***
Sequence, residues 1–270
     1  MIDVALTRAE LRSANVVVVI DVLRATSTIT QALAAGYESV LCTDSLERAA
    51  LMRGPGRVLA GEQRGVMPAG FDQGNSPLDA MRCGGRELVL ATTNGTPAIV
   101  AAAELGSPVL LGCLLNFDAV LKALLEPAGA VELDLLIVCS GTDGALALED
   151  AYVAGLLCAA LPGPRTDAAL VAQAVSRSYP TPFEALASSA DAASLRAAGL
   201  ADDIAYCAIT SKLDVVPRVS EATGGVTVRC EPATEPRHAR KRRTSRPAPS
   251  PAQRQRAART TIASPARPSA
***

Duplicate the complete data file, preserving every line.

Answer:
Sequence, residues 1–270
     1  MIDVALTRAE LRSANVVVVI DVLRATSTIT QALAAGYESV LCTDSLERAA
    51  LMRGPGRVLA GEQRGVMPAG FDQGNSPLDA MRCGGRELVL ATTNGTPAIV
   101  AAAELGSPVL LGCLLNFDAV LKALLEPAGA VELDLLIVCS GTDGALALED
   151  AYVAGLLCAA LPGPRTDAAL VAQAVSRSYP TPFEALASSA DAASLRAAGL
   201  ADDIAYCAIT SKLDVVPRVS EATGGVTVRC EPATEPRHAR KRRTSRPAPS
   251  PAQRQRAART TIASPARPSA